World Cup Fever Strikes Deutschland

CONTRIBUTED BY LUCY B. is certainly the national sport in Germany, and I am about as far from understanding it as one can get (off-sides? I can’t sit through another explanation of that one). I’m not much for sports in general, but my husband and his parents are very, very, very interested in soccer. They have lengthy discussions about players and teams and strategies. I always say that for me, this is like listening to a foreign language in a foreign language. I understand a fair amount of German, but I don’t speak soccer at all.

My husband can name all of the key players on the German teams, and where they played before, and where they are from, and how well they did last season, and probably their weight (I’ve never asked, but he’s a bottomless pit of facts.) One of his proudest accomplishments is winning his office’s fantasy soccer season two years in a row. So yeah, he loves soccer.

I gave birth to our first child during the last World Cup (2010). My German man was gravely concerned that I might go into labor during a Germany game. Lucky for him, I had a C-section. I’ll never forget lying in the hospital bed, a day after the baby was born, when the pediatrician walked in to check on our son. My husband was watching the Germany vs. Someone game on the hospital TV and showed little interest in the discussion of baby bottles and sleeping positions. As the doctor walked around the bassinet, she kept blocking his view of the game and he had to keep shifting his position in order to see the screen again. Shortly after she left, they lost the game. I suspect that my husband has never forgiven the doctor, as it was clearly her fault. This was in the US, of course. A German doctor would have known better. now 4-year-old son’s kindergarten has done all sorts of adorable crafts, from painting soccer players to playing with all kinds of different balls and talking about the rules of games. If you’re a kid, the excitement is pretty palpable right now.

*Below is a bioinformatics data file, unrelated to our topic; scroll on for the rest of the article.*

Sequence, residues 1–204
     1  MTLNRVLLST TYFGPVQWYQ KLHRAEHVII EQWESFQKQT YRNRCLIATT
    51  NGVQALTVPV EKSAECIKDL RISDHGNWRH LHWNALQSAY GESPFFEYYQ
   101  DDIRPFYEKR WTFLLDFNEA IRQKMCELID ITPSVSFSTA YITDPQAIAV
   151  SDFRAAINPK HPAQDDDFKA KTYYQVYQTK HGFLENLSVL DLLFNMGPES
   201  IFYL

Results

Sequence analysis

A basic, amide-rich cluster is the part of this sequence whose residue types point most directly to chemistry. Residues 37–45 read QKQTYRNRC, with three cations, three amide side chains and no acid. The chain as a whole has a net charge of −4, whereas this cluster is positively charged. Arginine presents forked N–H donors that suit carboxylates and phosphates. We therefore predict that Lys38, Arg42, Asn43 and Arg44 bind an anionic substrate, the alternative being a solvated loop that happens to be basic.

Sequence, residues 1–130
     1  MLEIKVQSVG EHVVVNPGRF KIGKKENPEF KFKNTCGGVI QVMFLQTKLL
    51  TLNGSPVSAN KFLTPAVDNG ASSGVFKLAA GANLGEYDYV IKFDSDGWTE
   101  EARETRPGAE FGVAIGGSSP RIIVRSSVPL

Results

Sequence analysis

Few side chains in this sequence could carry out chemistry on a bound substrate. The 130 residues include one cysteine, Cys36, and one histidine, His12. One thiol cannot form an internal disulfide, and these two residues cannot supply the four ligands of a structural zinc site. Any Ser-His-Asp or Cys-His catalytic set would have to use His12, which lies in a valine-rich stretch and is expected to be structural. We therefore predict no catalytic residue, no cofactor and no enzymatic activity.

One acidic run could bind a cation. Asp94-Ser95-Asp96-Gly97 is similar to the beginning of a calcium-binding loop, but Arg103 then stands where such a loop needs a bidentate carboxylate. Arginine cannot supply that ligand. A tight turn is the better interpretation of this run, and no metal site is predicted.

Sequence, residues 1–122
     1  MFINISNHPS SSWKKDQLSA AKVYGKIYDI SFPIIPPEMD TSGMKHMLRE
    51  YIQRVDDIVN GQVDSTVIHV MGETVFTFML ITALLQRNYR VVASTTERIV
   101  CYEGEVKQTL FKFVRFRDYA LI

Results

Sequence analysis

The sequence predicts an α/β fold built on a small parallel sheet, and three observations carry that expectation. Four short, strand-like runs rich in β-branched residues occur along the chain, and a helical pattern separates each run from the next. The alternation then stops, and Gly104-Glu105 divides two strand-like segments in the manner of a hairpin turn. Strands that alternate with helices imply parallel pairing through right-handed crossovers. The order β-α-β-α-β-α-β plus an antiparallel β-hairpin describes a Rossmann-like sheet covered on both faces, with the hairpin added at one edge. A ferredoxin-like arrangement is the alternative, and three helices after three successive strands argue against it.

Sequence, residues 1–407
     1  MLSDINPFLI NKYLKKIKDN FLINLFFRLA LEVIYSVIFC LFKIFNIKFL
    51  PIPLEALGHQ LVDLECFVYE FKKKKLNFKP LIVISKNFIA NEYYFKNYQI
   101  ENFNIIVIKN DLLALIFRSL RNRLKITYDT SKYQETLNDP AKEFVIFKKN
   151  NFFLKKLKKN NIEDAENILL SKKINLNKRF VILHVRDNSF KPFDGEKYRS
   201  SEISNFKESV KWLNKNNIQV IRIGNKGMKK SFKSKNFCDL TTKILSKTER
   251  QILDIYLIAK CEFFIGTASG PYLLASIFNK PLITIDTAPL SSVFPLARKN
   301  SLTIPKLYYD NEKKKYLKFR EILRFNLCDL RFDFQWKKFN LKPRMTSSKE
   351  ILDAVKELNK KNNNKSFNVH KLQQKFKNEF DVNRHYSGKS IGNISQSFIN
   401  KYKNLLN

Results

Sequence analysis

In this last game (Germany vs. US), I stayed pretty neutral. I hope you won’t think it’s too unpatriotic of me, but I secretly hoped that Germany would do well, since I don’t really care that much and I had to continue to live with a German when the game was over. I watched the 2006 World Cup in Brazil, where I was on study abroad. When Brazil was knocked out, people broke down and cried. A man threw himself on the floor and was inconsolable. I definitely don’t want that atmosphere in the house, so I guess I’m rooting for Germany and the US at the same time.

If you don’t care about soccer, the fun can come from other sources. (There was no line at all at the Döner place where I bought dinner tonight). Whatever your loyalties, the games are definitely a great excuse to gather with other people (much like the Super Bowl, you don’t have to care about the game that much if there are nachos and beer!) If you can attend a public viewing at a Biergarten or in a public square, it’s easy to get swept up in the enthusiasm. Paint your face and get out there! Team spirit can be found as close as your own backyard, though. As I write this, horns are honking all over town and someone is shooting off fireworks in the park across the street.

Note: Click on photos for photo credit. 


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